Do narrow stools have you fearful of colon cancer, even though you’ve been diagnosed with irritable bowel syndrome (IBS)?
If narrow or thin stools are common with IBS, then this may certainly provide more peace of mind in the person already diagnosed with this aggravating condition.
I consulted with Pejman Katiraei, DO, FAAP, an integrative physician whose many areas of specialty include adult and pediatric IBS.
Dr. Katiraei explains, “Narrow stools can be common with IBS, and they may be very difficult to differentiate from colon cancer.
“Depending on what is happening to a person’s gastrointestinal tract, a person suffering from IBS can have everything from severe constipation to watery diarrhea.
“As such, there is no specific type of stool that would allow a person to know they have IBS over deadly conditions like the early stages of inflammatory bowel disease or even colon cancer.”
If you’ve already been diagnosed with irritable bowel syndrome (and the diagnosis should have been made after an entire battery of tests ruled out other possible causes of your GI distress such as colon cancer), then you can conclude that the presence of narrow or skinny stools is most likely a part of having irritable bowel syndrome.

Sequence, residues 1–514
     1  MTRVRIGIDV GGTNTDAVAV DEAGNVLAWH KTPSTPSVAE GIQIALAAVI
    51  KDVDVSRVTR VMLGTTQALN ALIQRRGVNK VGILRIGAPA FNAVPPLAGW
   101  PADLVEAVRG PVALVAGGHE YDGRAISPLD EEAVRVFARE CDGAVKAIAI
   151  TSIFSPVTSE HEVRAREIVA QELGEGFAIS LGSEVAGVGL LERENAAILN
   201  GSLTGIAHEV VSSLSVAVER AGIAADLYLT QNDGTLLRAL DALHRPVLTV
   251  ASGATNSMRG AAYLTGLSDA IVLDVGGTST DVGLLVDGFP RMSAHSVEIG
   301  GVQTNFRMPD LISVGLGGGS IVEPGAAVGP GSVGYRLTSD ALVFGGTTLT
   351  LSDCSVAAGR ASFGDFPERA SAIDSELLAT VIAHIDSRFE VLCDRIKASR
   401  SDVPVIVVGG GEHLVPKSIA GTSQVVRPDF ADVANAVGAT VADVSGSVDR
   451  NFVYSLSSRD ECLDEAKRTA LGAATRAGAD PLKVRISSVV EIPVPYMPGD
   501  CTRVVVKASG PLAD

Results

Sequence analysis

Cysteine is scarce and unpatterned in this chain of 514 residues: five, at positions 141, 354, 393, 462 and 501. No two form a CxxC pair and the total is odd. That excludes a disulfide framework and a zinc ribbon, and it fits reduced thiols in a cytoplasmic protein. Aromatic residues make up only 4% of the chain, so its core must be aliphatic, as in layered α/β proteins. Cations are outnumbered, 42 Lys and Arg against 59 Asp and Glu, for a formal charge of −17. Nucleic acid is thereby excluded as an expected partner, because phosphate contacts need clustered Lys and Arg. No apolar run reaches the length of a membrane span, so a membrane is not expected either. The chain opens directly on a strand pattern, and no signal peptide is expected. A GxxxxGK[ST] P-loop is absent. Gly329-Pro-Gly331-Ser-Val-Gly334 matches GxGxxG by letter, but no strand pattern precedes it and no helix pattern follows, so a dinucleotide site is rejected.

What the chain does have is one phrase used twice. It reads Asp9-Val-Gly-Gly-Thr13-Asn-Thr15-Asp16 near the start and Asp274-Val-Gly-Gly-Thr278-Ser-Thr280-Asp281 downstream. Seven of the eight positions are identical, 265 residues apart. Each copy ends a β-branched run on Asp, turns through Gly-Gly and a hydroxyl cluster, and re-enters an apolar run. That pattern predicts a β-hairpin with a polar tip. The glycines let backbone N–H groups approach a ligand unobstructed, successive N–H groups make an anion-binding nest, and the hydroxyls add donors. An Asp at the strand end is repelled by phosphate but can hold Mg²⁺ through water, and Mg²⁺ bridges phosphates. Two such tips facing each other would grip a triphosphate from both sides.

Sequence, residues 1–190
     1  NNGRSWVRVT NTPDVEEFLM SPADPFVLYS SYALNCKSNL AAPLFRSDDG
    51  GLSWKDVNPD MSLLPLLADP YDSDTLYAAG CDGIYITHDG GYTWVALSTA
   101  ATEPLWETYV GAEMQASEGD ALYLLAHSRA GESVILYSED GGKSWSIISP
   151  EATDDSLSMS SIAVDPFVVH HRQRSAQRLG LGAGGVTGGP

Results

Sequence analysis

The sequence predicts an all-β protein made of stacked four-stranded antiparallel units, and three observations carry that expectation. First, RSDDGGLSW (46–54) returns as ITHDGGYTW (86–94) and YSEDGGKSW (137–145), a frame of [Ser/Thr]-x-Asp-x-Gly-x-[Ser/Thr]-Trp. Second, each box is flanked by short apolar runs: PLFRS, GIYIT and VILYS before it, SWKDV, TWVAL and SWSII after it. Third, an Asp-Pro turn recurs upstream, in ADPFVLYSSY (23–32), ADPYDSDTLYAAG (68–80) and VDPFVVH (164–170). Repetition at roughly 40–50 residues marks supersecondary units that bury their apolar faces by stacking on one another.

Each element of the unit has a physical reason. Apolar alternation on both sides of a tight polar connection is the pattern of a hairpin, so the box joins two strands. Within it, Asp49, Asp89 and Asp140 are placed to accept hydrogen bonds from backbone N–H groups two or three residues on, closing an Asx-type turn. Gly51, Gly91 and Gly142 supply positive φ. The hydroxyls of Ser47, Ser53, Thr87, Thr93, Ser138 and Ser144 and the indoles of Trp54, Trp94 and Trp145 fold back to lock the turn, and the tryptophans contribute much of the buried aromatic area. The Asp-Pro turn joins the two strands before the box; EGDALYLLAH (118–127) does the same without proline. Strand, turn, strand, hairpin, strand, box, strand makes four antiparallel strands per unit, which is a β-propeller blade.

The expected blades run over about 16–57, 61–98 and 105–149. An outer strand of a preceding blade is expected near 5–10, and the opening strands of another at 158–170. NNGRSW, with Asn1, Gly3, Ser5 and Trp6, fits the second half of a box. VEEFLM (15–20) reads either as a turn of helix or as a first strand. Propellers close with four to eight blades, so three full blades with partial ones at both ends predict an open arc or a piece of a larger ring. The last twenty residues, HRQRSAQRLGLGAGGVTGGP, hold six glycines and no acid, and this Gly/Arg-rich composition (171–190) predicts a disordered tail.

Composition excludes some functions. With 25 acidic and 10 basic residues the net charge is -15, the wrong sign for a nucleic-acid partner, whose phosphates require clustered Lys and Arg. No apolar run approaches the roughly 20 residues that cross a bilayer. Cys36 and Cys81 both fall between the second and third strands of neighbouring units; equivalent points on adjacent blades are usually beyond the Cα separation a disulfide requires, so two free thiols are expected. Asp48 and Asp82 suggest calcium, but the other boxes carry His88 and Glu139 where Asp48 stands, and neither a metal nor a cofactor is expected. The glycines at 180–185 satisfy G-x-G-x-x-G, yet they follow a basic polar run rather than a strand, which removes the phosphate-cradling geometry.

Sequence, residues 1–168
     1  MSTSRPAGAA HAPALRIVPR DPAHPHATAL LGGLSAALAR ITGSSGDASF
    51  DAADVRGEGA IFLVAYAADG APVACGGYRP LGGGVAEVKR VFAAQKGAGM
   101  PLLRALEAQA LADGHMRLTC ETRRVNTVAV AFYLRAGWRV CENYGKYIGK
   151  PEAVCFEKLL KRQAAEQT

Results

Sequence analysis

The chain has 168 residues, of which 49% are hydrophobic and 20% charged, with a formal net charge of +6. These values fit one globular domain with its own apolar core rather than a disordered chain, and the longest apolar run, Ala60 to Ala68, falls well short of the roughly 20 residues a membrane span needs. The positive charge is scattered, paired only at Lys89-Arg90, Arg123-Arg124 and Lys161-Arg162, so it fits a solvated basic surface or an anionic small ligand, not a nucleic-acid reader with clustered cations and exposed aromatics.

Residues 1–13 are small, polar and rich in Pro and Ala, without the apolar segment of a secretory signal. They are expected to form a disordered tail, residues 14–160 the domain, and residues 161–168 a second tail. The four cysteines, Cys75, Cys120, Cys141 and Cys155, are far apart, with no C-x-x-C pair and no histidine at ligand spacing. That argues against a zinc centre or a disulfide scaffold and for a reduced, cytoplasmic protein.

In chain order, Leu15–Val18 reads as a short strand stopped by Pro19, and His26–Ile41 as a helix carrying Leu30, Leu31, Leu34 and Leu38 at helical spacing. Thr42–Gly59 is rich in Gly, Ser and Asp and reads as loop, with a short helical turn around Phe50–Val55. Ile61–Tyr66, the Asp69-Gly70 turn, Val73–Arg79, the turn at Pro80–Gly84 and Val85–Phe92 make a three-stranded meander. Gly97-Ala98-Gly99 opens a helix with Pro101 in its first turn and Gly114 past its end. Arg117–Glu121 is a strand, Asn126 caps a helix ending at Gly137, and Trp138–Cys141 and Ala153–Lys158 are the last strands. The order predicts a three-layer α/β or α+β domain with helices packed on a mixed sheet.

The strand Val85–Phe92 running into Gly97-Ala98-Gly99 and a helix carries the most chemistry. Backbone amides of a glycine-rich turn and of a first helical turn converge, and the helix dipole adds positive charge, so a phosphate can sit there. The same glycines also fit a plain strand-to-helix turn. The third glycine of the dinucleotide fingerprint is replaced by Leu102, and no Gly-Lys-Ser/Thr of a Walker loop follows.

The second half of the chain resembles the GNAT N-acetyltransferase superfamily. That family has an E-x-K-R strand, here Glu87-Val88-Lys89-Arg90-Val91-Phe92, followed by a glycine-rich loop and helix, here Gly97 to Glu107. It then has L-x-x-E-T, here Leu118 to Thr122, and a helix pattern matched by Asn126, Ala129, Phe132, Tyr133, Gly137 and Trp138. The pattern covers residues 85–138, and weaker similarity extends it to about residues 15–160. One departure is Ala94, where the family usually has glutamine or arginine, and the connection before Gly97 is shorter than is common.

However, Dr. Katiraei adds, “I would strongly encourage people suffering from gastrointestinal problems to be evaluated by a medical professional.
“Simple blood and stool testing can give important information that can be life-saving.”
So assuming, then, you’ve already been cleared of colon cancer, and have been diagnosed with irritable bowel syndrome, there is one critical element you must never forget:
Just because you’ve been diagnosed with irritable bowel syndrome, doesn’t mean that you’ll never get colon cancer!
A person with irritable bowel syndrome can still develop colon cancer, so get to know your IBS presentations very carefully and meticulously.
After all, the symptoms of irritable bowel syndrome and colon cancer strongly overlap and are virtually identical.
Have your apparent IBS symptoms changed lately?
Have you always had narrow stools, or are narrow stools only a recent occurrence after having irritable bowel syndrome for years?
Is there suddenly blood in your stools?
Have you had IBS for years, and are now suddenly losing weight for no reason?
Unexplained weight loss can also mean diabetes or overactive thyroid; get a thorough medical exam.
Do you have any other new symptoms that don’t seem to fit the bill for irritable bowel syndrome?
If you’re in doubt, then get another evaluation by your doctor. Don’t assume you can’t have colon cancer because you have IBS.
Irritable bowel syndrome cannot morph into colon cancer, but a benign and malignant disease of the GI tract can exist simultaneously in the same person.